Back to school?

Now we know what parents think, but Tuesday it will be up to the Janesville School Board to decide if classrooms should open this fall amid the continuing COVID-19 pandemic.

The decision will be the most difficult, consequential and controversial the board has faced in memory.

A survey of Janesville School District parents, students and staff indicates 80% of parents would be comfortable having their children return to classrooms.

School district administrators are crafting recommendations for the school board to consider Tuesday night. What those recommendations are, we don’t know.

But here is our advice for the school board: Try.

Try opening schools in some form, even if it’s not the regular all-day, five-day schedule. It will be difficult, but we need to try.

The kids need an education, and if teachers, parents and administrators were to be honest, they would admit that not much education was accomplished after schools closed March 16.

The parents need a break. How much longer can some parents hold down jobs while also watching children at home?

The prospect of confining children in classrooms is daunting. We suspect school administrators are considering options for minimizing the risk of spreading the coronavirus, but the challenges are myriad.

Will you expect 5-year-olds to wear masks all day?

What sort of daily or hourly or constant sanitizing of school surfaces will suffice?

Does everybody get their temperature checked every day?

Is there enough room in school buildings for all the students to be separated the recommended distance?

Some school districts are considering having students attend in shifts—some students Monday, Wednesday and Friday and the rest Tuesday and Thursday. The next week they switch. That would create a child care migraine for parents, but schools might need to consider such options to reduce the number of people in buildings to accommodate social distancing.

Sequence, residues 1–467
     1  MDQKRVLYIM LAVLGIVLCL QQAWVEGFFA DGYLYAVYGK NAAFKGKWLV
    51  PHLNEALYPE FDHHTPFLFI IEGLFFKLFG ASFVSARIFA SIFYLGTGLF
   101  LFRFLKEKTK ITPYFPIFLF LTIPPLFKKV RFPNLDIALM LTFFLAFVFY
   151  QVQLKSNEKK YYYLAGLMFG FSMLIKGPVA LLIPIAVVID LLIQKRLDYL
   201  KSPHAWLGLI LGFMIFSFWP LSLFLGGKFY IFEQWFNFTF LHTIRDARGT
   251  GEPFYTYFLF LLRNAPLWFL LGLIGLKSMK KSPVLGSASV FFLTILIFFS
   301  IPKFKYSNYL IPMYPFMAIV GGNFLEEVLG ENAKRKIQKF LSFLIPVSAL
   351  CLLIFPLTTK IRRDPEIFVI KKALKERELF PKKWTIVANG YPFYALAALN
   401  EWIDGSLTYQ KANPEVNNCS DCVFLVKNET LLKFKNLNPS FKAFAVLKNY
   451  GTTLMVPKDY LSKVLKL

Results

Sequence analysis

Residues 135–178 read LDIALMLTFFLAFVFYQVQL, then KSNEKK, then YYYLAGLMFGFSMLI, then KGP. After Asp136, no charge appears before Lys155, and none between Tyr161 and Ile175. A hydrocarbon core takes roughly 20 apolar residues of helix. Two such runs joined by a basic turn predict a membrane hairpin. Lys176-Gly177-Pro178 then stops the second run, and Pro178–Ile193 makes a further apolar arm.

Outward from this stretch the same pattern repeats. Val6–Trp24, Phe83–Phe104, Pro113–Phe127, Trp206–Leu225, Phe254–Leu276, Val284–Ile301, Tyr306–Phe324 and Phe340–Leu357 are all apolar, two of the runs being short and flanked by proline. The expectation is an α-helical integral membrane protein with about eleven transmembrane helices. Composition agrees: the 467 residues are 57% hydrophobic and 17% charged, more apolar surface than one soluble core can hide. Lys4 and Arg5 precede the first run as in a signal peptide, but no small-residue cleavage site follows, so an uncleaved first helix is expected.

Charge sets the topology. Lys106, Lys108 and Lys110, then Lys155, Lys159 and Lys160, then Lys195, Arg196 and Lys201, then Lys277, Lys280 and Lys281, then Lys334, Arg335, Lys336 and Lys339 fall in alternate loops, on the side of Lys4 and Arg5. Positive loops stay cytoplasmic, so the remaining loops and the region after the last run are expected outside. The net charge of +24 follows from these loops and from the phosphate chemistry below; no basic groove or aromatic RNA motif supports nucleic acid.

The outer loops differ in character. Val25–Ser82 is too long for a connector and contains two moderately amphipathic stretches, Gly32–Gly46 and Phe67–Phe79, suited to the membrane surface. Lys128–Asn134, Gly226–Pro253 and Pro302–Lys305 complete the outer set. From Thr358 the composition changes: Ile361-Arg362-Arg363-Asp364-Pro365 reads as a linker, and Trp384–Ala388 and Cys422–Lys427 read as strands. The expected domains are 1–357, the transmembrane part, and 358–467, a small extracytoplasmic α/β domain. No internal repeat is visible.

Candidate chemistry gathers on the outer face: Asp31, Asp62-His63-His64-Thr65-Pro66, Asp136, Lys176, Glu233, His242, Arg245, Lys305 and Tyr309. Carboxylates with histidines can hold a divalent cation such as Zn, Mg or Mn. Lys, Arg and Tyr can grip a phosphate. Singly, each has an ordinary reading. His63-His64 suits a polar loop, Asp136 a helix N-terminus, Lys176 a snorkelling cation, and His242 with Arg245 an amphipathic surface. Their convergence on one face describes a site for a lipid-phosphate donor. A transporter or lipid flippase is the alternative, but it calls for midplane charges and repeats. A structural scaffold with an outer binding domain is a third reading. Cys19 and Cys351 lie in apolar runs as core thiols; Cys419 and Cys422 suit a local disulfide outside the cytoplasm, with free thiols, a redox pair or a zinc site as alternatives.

And opening schools is only the start. Keeping them open will be the real trick.

What happens—and it will happen—when a teacher or student or custodian or principal tests positive for COVID-19? Do you shut down the school? Do you send home the infected student’s classmates for two weeks?

We don’t have the answers, and we assume these are the scenarios administrators are considering as they make their plans.

Our only advice is to try. Even before COVID-19, half of Janesville third-graders were not reading at grade level. Many of those kids were destined to struggle for the rest of their academic careers, but now they have the added handicap of missing a big chunk of the last school year.

If choices need to be made, then the priority for schools should be reading and math. Social studies, history, art, physical education and music are important, too, but it’s difficult to learn about the Founding Fathers if you can’t read a history book.

We suspect the plan will not be the same for second-graders as it is for high school sophomores. The plan will a combination of solutions with everybody guaranteed to dislike something.

Even so, the school district must try.